When the -H option is specified, the statistics output will include a histogram (a.k.a. bar chart) showing the distribution of response latencies. This is intended mainly for testing caching servers, as the latencies of authoritative servers typically are negligible compared to network and queueing delays.

A typical histogram might contain 50 buckets representing latencies from 0 to 1 second in 20 millisecond increments. To print such a histogram, pass dnsperf the options

                 -H 50 -T 1
If you are interested in responses that arrive several seconds late, you can get a 10-second histogram using
                 -H 50 -T 10
The lengths of the bars in the bar chart are normalized such that the widest bar is 60 characters wide, to allow the chart to be displayed in an 80-column window or printed on an 80-column printer. Responses are classified into successes and failures; successes are represented by "#" characters and failures by "-" in the bars. The number of success/failure responses is also printed next to each bar.

The average latency is also printed; it takes into account both successes and failures. Note that requests that got no response at all will not be included in the latency graph; this may unfairly skew the average latency in favor of servers that drop requests (or respond with an error later than the dnsperf timeout) over those from which an error response is received.


Run through the input file exactly once. This is the default if no time limit is set.
Reports the command line arguments passed to dnsperf to standard output as part of the final statistics.
-b bufsize
Sets the size of the socket's send and receive buffers, in kilobytes. If not specified, the default value is 32k.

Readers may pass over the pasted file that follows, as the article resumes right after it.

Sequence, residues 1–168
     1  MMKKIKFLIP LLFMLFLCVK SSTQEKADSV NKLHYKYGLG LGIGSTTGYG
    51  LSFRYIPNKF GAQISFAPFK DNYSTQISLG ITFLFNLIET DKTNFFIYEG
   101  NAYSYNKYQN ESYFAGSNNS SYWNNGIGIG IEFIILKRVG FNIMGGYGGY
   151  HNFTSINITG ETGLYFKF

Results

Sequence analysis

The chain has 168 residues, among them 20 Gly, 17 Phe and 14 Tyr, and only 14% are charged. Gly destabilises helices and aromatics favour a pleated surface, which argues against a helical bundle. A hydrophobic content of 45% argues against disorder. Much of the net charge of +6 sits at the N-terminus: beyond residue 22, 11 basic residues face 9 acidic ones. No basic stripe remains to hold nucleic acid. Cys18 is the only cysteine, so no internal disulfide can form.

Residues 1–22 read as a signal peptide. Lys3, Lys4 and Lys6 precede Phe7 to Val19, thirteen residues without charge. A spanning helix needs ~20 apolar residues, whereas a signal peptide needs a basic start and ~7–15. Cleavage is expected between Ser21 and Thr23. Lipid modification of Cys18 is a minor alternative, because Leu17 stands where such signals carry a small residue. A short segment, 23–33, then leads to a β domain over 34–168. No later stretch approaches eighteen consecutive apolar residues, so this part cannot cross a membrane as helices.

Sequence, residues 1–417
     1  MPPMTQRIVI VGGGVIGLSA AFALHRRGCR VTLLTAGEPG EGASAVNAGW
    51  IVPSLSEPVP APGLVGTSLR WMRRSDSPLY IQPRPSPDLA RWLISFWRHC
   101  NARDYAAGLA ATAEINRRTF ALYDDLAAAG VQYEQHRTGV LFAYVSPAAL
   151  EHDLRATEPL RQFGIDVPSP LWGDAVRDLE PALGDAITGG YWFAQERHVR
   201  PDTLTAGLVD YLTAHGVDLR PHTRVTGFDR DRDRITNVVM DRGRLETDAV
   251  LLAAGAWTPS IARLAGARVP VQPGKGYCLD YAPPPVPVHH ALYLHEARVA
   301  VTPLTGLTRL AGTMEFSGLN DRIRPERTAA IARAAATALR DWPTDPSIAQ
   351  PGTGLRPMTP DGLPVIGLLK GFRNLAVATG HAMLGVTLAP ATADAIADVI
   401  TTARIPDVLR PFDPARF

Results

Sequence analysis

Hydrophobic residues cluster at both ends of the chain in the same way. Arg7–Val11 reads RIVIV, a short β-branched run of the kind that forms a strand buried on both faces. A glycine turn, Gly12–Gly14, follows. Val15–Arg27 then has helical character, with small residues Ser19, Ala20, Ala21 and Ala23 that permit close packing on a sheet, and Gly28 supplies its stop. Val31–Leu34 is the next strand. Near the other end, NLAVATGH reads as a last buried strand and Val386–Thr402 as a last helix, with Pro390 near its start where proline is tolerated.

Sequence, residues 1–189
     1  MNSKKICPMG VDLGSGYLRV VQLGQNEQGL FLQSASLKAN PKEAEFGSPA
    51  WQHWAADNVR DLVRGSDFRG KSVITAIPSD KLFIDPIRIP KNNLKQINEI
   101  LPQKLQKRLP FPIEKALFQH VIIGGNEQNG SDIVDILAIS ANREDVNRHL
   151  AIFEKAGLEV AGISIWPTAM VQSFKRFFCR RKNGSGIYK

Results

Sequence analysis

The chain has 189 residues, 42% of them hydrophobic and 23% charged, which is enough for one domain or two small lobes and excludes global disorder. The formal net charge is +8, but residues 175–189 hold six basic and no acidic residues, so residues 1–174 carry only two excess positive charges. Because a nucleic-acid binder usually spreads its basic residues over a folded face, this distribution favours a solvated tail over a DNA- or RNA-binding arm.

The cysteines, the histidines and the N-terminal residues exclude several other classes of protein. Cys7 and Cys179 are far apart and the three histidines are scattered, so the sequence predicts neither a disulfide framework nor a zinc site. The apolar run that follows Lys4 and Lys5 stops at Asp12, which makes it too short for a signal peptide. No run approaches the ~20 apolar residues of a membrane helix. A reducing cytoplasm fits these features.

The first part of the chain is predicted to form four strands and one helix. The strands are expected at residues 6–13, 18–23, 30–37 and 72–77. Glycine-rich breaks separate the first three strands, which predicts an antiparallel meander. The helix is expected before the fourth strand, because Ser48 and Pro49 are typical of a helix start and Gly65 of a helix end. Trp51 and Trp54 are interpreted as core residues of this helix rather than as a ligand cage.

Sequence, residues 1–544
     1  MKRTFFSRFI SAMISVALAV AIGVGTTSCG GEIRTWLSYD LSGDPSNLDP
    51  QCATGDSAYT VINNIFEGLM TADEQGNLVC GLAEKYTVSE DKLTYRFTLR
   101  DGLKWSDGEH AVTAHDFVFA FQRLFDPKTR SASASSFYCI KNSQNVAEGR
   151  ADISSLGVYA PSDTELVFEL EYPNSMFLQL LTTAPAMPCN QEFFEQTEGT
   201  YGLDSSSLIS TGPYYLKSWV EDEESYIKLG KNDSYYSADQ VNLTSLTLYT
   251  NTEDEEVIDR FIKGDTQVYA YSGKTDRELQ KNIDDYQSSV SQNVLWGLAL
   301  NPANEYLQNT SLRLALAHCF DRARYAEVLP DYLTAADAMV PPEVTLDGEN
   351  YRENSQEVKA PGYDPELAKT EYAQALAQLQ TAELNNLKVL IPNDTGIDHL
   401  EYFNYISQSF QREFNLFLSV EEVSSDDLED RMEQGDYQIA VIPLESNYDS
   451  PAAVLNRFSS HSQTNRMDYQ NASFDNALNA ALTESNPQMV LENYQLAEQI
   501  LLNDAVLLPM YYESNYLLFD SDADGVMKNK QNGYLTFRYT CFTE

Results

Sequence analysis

Prints a count of the number of responses with each DNS RCODE as part of the final statistics.
-d datafile
Specifies the input data file. If not specified, dnsperf will read from standard input.
Sets the DO (DNSSEC OK) bit [RFC3225] in all packets sent. This also enables EDNS0, which is required for DNSSEC.
Enables EDNS0 [RFC2671], by adding an OPT record to all packets sent.
-f family
Specifies the address family used for sending DNS packets. The possible values are "inet", "inet6", or "any". If "any" (the default value) is specified, dnsperf will use whichever address family is appropriate for the server it is sending packets to.
Print a usage statement and exit.
-H histogram_buckets
When specified, dnsperf will print a histogram showing response latency after completing the run; the histogram will contain this many buckets.
-l limit
Specifies a time limit for the run, in seconds. This may cause the input to be read multiple times, or only some of the input to be read. The default behavior is to read the input once, and have no specific time limit.
-p port
Sets the port on which the DNS packets are sent. If not specified, the standard DNS port (53) is used.
-q num_queries
Sets the maximum number of outstanding requests. When this value is reached, dnsperf will not send any more requests until either responses are received or requests time out. The default value is 20.
-Q max_qps
Limits the number of requests per second. There is no default limit.
-s server_addr
Specifies the name or address of the server to which requests will be sent. The default is the loopback address,
-t timeout
Specifies the request timeout value, in seconds. dnsperf will no longer wait for a response to a particular request after this many seconds have elapsed.
-T histogram_seconds
When specified, dnsperf will print a histogram showing response latency after completing the run; the histogram will include latencies up to this number of seconds. This should be used with the -H option.
Instructs dnsperf to send DNS dynamic update messages, rather than queries. The format of the input file is different in this case; see the "Constructing a dynamic update input file" section for more details.
Enables verbose mode. The DNS RCODE of each response will be reported to standard output when the response is received. If a query times out, it will be reported with the special string "T" instead of a normal DNS RCODE.
-y name:secret
Add a TSIG record [RFC2845] to all packets sent, using the specified TSIG key name and secret, where the secret is expressed as a base-64 encoded string.


Nominum, Inc.